A religion book recommendation: Aeneid: Book VI by Seamus Heaney

A critic review (source NY Times) can be read at: http://nyti.ms/2af1Vtw.
With characteristic brilliance, Heaney refuses to let words and images not earn their keep. Some of his felicities he achieves simply by close translation from the Latin…
Book description from Google Books:
In a momentous publication, Seamus Heaney’s translation of Book VI of the Aeneid, Virgil’s epic poem composed sometime between 29 and 19 BC, follows the hero, Aeneas, on his descent into the underworld. In Stepping Stones, a book of interviews conducted by Dennis O’Driscoll, Heaney acknowledged the importance of the poem to his writing, noting that ‘there’s one Virgilian journey that has indeed been a constant presence, and that is Aeneas’s venture into the underworld. The motifs in Book VI have been in my head for years – the golden bough, Charon’s barge, the quest to meet the shade of the father.’ In this new translation, Heaney employs the same deft handling of the original combined with the immediacy of language and flawless poetic voice as was on show in his translation of Beowulf, a reimagining which, in the words of Bernard O’Donoghue, brought the ancient poem back to life in ‘a miraculous mix of the poem’s original spirit and Heaney’s voice’.
The book is rated 4.48/5 at goodreads.com, from 219 ratings. See 42 reader reviews at: http://bit.ly/2afWfmA.
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A sci-fi book recommendation: The Singing Bones by Shaun Tan

A critic review (source NPR) can be read at: http://n.pr/2fLUSQu.
Tan’s contest with himself will presumably continue. Fortunately for his fans — both those of his previous efforts, and new fans won over by this delightful book — he’ll probably keep winning.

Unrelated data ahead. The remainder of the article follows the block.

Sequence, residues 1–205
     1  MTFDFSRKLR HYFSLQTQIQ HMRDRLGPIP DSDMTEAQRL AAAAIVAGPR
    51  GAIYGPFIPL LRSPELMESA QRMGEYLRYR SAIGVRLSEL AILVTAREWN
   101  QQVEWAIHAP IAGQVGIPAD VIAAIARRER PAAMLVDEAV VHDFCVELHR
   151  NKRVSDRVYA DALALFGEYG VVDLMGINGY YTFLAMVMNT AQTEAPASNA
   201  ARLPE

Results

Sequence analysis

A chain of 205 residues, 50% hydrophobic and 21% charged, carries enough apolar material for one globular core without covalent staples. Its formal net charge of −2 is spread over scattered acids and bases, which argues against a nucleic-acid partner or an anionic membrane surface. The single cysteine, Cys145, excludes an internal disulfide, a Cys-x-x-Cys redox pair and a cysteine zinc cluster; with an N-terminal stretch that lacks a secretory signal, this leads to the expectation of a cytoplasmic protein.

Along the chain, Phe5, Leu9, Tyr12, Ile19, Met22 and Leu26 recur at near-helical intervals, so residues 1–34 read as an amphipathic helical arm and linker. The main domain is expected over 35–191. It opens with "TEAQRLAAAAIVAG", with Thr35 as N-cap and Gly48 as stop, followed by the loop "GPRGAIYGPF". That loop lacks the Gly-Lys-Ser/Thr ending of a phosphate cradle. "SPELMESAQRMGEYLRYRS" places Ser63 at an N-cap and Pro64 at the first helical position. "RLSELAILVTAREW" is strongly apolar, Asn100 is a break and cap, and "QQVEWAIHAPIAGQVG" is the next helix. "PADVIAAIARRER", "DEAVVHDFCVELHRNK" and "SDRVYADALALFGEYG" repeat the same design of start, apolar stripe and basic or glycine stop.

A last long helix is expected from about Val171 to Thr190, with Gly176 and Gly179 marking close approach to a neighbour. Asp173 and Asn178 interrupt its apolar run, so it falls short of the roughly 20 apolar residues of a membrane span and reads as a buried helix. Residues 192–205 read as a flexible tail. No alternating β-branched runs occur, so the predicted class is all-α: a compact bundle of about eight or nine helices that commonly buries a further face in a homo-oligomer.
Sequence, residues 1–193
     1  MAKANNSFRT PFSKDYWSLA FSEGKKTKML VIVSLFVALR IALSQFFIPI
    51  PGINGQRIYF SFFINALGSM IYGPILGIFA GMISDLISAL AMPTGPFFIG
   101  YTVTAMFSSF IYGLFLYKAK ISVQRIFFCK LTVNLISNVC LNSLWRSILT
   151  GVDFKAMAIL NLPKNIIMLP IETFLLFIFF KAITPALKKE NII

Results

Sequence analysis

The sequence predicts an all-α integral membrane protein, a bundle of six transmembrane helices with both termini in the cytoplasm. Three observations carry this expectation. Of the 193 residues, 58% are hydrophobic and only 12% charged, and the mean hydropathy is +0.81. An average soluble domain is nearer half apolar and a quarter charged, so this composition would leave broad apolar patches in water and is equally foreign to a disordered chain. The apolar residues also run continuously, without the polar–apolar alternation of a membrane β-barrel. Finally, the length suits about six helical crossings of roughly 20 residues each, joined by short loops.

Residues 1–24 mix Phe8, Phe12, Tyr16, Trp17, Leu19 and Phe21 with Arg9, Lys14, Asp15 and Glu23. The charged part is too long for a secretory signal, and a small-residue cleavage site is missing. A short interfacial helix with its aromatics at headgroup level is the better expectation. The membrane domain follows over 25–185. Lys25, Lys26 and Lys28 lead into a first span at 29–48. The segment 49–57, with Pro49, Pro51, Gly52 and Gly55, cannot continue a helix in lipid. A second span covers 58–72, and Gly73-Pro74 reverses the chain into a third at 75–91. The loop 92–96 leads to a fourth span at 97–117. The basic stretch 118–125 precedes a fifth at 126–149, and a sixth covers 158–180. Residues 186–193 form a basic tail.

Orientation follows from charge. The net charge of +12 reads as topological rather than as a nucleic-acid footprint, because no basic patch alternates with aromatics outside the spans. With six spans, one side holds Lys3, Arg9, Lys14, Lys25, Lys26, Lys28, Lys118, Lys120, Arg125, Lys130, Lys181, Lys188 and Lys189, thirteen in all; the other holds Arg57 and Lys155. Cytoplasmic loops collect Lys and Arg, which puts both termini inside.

Book description from Google Books:
“Well now, dear children, who brought you here? Just come inside and stay with me. Nobody’s going to harm you….” Wicked stepmothers, traitorous brothers, cunning foxes, lonely princesses: There is no mistaking the world of the Brothers Grimm and the beloved fairy tales that have captured generations of readers. Now internationally acclaimed artist Shaun Tan shows us the beautiful, terrifying, amusing, and downright peculiar heart of these tales as never before seen. With a foreword by Neil Gaiman and an introduction by renowned fairy-tale expert Jack Zipes, this stunning gallery of sculptural works will thrill and delight art lovers and fairy-tale aficionados alike.
The book is rated 4.23/5 at goodreads.com, from 761 ratings. See 227 reader reviews at: http://bit.ly/2em59gW.
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A comic book recommendation: Hubert by Ben Gijsemans

A critic review (source Guardian) can be read at: http://bit.ly/2ctn0qo.
This is a wonderful book, and I want everyone to read it. Its emotional and visual economy is extraordinary, Gijsemans showing such (precocious) daring when he devotes six, nine, even 12 frames to the smallest ceremonies…
Book description from Google Books:
An incredibly beautiful graphic novel by a precociously brilliant young Belgian author. The start of a great career.      Hubert is an autistic man who shapes his life by going to museums (in Brussels, London and Paris). The world outside is a puzzle to him. He talks to few people and only about museums and art. When his neighbour downstairs, a lonely woman, invites him again and again to come for a drink, he only goes because she has a painting that interests him. When she tries to seduce him, he doesn’t understand. He takes photos of the pictures he likes — usually of beautiful women — and paints copies of the paintings at home. There is only one real woman who fascinates him; she lives in the opposite building and he can see her balcony from his window. When he takes her picture, she notices and is upset. She no longer appears on her balcony and he starts to forget what she looked like. In the end he paints her picture, the first time he is inspired by a real woman…
The book is rated 3.65/5 at goodreads.com, from 112 ratings. See 15 reader reviews at: http://bit.ly/25hN2BW.
Buy it or see reader reviews on amazon.com at: http://amzn.to/2foKWMs.

A sport book recommendation: You Will Know Me: A Novel by Megan Abbott

A critic review (source NY Times) can be read at: http://nyti.ms/2cto79y.